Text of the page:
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Vote for the Trap Free Public Lands ballot I-177

Vote for the Trap Free Public Lands ballot I-177

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Dear Montana Voters,

This November we have the opportunity to vote on some very important issues that will impact Montana and its residents. One such issue concerns the safety and exploitation of our public lands. I am writing to you today in support of Trap Free Public Lands ballot initiative I-177 in effort to explain why it is important to all Montanans. Lately I have seen pro-trapper groups use scare tactics to make people believe that this initiative will go after hunting next. This is absolutely not true and is a diversionary tactic used to misdirect voters to the truth. The best way to explain this is to compare trapping and hunting practices.

Let's consider hunting in Montana. I have lived here all my life and know that hunters do not purposefully shoot an animal to wound it. They sight in their rifles before going out and take great care to make the kill on the first shot. They also wear hunters orange to warn others that they are in the area. I have never seen a hunter lean a loaded weapon against a tree and leave it unattended for days, or even weeks at a time. They pay for a conservation and hunting license and follow the rules and regulations set forth by Montana Fish, Wildlife and Parks. These regulations are very specific and involve the species and sex of the animal.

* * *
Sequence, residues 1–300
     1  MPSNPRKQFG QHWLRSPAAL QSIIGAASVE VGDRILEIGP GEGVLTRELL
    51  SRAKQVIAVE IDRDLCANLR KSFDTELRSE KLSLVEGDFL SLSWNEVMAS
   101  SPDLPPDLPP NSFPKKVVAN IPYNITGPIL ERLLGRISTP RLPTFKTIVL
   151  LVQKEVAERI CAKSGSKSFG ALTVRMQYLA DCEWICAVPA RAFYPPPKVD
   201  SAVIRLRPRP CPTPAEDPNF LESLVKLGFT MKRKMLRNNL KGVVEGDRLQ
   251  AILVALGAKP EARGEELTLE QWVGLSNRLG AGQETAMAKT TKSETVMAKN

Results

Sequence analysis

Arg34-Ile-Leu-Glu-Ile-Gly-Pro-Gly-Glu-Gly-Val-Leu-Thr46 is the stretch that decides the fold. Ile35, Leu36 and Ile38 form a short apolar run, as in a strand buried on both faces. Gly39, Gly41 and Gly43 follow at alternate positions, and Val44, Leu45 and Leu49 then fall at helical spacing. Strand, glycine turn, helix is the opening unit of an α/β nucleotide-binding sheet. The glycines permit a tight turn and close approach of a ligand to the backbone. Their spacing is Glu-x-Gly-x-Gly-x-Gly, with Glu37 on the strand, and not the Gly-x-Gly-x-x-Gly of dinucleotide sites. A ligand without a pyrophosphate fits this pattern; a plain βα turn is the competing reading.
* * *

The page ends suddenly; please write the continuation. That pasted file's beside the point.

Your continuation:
Now let's take a look at trapping. A license costs $29 and a trapper can set up to 50,000 unmarked traps on our public lands. When a trap is set it does not discriminate between species, age, or sex. These traps do not involve a quick death and are a loaded weapon for our companion animals and struggling species such as the wolverine, pine martin, and otter. The guidelines for trapping in Montana suggest checking these traps every couple of days. but is by no means mandatory. Using a trapper's term, some animals “twist off” to escape — which means they either chew their leg off or twist until it is free of the trap. Trappers who find animals alive in their traps often times stomp on them repeatedly until they are dead so that the pelt is not damaged by a gunshot or knife. They can leave these traps unmarked where we go for walks with our children and pets.

Trappers say that it is their freedom and right to set traps on our public lands and extract as many animals as they want for profit. What about the millions of other Montanans and their rights and freedoms to enjoy public lands and not have them exploited and devoid of life?

This is not the legacy of Montana.

Lets keep our public lands safe and diverse for all of us to enjoy.

Vote YES on I-177!

Jeff Blatnik, of Bozeman, holds a bachelor of science degree in biology with emphasis on ecology and population dynamics from Montana State University-Billings. For the last 10 years he has worked as an analytical chemist. He has two sons, ages 8 and 11, and they love to explore the outdoors together.


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